CFNLA recently released Community Counts 2022, a data report for the Shreveport-Bossier MSA examining socioeconomic factors including- Population, Economic Well-Being, Human Capital, Health, Social Environment, and Physical Environment. Data collected is ranked in comparison to 9 peer communities, plus the Monroe MSA. CFNLA uses Community Counts to monitor trends in key economic and social indicators, to assess the impact of programs and funding, and identify areas of need in the community. The author, Dr. Dave Norris, Louisiana Tech’s Chief Research and Innovation Officer, presented the data to CFNLA board members and supporters, community members, and nonprofit representatives at Ochsner LSU Health St. Mary Medical Center on October 20, 2022.
This year’s data reveals some bright spots in our MSA’s economic output and improvements over time on other indicators. The findings include continued growth and high performance in the MSA’s per capita income and per capita real GDP, indicating a strong workforce and productivity in our regional economy. Ten-year comparisons show significant increases in the Cohort High School Graduation Rate and the percent of 3- and 4-year-olds enrolled in school. These indicators play a critical role in our community’s long-term health and success and provide a strong foundation to build upon.
Poverty continues to be the MSA’s greatest area of concern. Of all peer communities, Shreveport-Bossier holds the highest rates in every indicator assessing poverty. It is especially dire for families with small children and for the Black and African American community. Other significant areas of concern are in educational attainment and proficiency, kindergarten readiness, and physical health, all of which have strong association to the high rates of poverty. Children in poverty are at higher risks for poor academic and health outcomes. Consequently, approximately 75% of adults in poverty in the MSA have low educational attainment.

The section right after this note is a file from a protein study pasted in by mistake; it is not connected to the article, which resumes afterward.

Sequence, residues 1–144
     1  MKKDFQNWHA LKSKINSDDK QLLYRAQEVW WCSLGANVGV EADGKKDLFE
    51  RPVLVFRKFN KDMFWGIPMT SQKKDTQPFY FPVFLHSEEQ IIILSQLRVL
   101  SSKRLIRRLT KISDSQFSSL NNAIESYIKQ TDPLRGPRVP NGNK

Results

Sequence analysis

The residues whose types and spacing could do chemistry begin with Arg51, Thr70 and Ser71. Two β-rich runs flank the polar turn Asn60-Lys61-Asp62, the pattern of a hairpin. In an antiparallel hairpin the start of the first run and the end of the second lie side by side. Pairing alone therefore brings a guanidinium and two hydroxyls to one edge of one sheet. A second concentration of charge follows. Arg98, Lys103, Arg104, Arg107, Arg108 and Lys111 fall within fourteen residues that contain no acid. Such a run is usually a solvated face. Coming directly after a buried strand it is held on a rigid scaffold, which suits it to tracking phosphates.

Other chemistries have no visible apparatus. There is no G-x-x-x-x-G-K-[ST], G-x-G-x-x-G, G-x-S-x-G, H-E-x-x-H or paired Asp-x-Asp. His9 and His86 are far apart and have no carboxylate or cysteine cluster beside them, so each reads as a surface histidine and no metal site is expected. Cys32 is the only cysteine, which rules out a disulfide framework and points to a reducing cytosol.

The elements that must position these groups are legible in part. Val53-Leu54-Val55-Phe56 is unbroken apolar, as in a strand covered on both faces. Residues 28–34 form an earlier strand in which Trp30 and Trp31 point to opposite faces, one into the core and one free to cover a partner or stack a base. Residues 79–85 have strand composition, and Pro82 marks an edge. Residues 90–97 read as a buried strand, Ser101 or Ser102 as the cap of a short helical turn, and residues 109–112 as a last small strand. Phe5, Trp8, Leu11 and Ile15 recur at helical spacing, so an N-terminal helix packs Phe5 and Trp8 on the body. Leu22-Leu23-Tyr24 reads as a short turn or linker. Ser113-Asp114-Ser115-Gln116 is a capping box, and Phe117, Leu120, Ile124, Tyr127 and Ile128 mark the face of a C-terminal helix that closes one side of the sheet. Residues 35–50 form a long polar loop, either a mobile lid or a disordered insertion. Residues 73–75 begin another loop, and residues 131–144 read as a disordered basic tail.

To specifically address negative data, CFNLA has taken a strategic approach to address poverty and reduce barriers to success through educational initiatives for children starting as early as birth. In 2018, CFNLA committed $1.25 million over 5 years to the SPARK Education Fund. Grants from this fund have enabled the expansion of the VOA’s Communities in Schools program to ten Caddo Parish Schools. Through CIS, 608 children have received intensive case management services focused on academics, behavior and attendance, while 5,000 students have received school-wide services. CFNLA also raised over $2 million in 2021 for the Early Childhood Education Initiative which has resulted in 224 children receiving scholarships to attend Type III early childcare education centers. By investing in early brain development, quality early education to prepare children for kindergarten, and in-school supportive services for students at risk of academic failure, CFNLA aims to interrupt the cycle of poverty in our community.
The Community Counts Executive Summary and full report are available at cfnla.org/data.